It is widely acknowledged that over 90% of those who committed suicide had a psychiatric diagnosis at the time of death. Hence, suicide prevention is one of the top priorities for psychiatrists to address. However, the field of neuropsychiatry lacks biomarkers that could serve as objective indicators for diagnosis and severity assessment. Suicide is a complicated result caused by multiple factors and can be difficult to accurately predict. In recent years, research based on data analysis using artificial intelligence (AI) supported by machine learning has attracted attention in the medical field. In suicide prevention, an unprecedented amount of research using machine learning have been reported. In this paper, we will introduce new information about suicide prevention using machine learning as well as comment on the ethical, legal, and social implications (ELSI) that should be considered for implementation into society. There are no potential conflicts of interest to disclose.
The etiology of suicidal behavior is poorly understood while the pathology of various neuropsychiatric disorders has recently been reported to be closely associated with neuroinflammation. There may be subtypes or clinical stages in various neuropsychiatric disorders, on which the inflammatory processes have a profound influence. These processes may account for the underlying mechanism of clinical manifestations such as treatment‐ resistance, severe symptoms, and suicidal behavior observed in neuropsychiatric disorders. The relationship between suicidal behavior and neuroinflammation may shed a new light on the development of new diagnostic and therapeutic strategy for suicidal behavior.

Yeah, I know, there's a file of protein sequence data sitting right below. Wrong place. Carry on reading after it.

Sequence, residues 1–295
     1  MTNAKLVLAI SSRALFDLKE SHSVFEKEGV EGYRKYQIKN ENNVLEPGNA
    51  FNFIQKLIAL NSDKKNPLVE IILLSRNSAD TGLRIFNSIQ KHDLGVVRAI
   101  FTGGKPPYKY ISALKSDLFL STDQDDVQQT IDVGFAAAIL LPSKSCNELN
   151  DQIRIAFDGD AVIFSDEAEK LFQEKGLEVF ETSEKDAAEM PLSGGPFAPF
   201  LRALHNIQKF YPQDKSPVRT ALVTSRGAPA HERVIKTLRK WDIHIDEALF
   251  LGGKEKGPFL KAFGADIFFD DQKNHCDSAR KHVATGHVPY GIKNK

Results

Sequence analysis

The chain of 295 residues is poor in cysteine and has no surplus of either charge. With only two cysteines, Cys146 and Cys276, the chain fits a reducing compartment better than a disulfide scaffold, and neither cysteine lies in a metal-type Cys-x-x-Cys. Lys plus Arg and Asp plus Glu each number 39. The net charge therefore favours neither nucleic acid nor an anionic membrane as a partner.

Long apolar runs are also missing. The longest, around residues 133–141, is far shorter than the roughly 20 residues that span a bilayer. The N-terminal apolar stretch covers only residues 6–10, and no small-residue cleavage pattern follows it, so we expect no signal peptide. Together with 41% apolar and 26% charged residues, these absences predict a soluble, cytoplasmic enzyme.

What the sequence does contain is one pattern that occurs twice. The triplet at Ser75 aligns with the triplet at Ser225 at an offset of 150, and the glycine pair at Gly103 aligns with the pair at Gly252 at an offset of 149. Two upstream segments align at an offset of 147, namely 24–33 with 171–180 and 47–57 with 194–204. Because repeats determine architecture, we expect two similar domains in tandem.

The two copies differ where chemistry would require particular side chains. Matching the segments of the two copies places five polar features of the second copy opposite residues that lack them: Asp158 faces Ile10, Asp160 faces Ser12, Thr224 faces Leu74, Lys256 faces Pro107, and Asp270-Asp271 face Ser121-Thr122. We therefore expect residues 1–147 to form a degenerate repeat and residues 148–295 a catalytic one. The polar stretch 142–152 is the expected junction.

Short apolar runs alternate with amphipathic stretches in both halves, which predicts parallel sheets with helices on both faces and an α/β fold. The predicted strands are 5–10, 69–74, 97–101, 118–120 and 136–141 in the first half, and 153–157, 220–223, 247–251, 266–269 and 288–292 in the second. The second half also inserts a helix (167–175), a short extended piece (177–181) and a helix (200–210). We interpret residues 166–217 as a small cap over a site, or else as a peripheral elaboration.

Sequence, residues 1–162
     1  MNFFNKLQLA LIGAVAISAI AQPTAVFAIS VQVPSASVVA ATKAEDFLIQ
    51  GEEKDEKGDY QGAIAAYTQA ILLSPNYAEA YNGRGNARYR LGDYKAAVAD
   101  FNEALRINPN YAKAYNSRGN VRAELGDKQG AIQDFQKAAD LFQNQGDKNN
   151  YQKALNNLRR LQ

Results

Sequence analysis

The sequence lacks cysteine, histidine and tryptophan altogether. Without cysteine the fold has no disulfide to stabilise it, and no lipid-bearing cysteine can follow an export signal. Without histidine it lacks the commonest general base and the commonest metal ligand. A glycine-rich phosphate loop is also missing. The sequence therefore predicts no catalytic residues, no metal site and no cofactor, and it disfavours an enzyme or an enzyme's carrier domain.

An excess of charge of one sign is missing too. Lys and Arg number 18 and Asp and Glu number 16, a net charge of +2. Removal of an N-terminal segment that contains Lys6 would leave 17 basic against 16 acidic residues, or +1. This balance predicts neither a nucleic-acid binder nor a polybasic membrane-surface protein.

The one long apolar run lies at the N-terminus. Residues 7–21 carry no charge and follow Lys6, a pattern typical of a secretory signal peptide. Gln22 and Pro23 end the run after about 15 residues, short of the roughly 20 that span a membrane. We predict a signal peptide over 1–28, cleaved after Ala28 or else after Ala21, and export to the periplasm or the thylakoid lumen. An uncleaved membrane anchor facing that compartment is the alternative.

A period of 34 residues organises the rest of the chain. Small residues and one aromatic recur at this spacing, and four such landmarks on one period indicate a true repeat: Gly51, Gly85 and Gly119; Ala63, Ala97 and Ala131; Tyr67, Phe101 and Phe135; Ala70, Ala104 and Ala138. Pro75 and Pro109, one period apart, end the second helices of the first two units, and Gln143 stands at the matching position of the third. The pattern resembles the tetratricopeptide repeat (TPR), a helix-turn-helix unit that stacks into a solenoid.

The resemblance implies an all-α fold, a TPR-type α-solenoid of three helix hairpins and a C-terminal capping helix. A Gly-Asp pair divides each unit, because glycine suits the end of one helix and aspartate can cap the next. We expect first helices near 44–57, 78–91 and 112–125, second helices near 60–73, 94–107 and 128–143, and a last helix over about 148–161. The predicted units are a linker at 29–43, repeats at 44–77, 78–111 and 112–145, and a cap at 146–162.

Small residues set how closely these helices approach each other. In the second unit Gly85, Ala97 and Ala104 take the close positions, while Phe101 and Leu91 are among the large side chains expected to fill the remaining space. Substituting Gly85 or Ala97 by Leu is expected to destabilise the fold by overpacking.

Viral infection during pregnancy has been suggested to increase probability of autism spectrum disorder in offspring. This phenomenon has been modeled in rodents subjected to maternal immune activation (MIA) . Previous studies showed that maternal T helper 17 cells and the effector cytokine interleukin‐17A (IL‐17A) play a central role in MIA‐induced behavioral abnormalities and cortical dysgenesis called cortical patch in offspring. However, it is unclear how IL‐17A acts on fetal brain cells to cause ASD pathologies. To assess the effect of IL‐17A on cortical development, we performed direct administration of IL‐17A into lateral ventricles of fetal mouse brain. We analyzed injected brain focusing on microglia, which express IL‐17A receptors. We found that IL‐17A activated microglia and altered their localization in the cerebral cortex. Our data suggest that IL‐17A activates cortical microglia, which could lead to a series of ASD‐related brain pathology, including excessive phagocytosis of neural progenitor cells in the ventricular zone.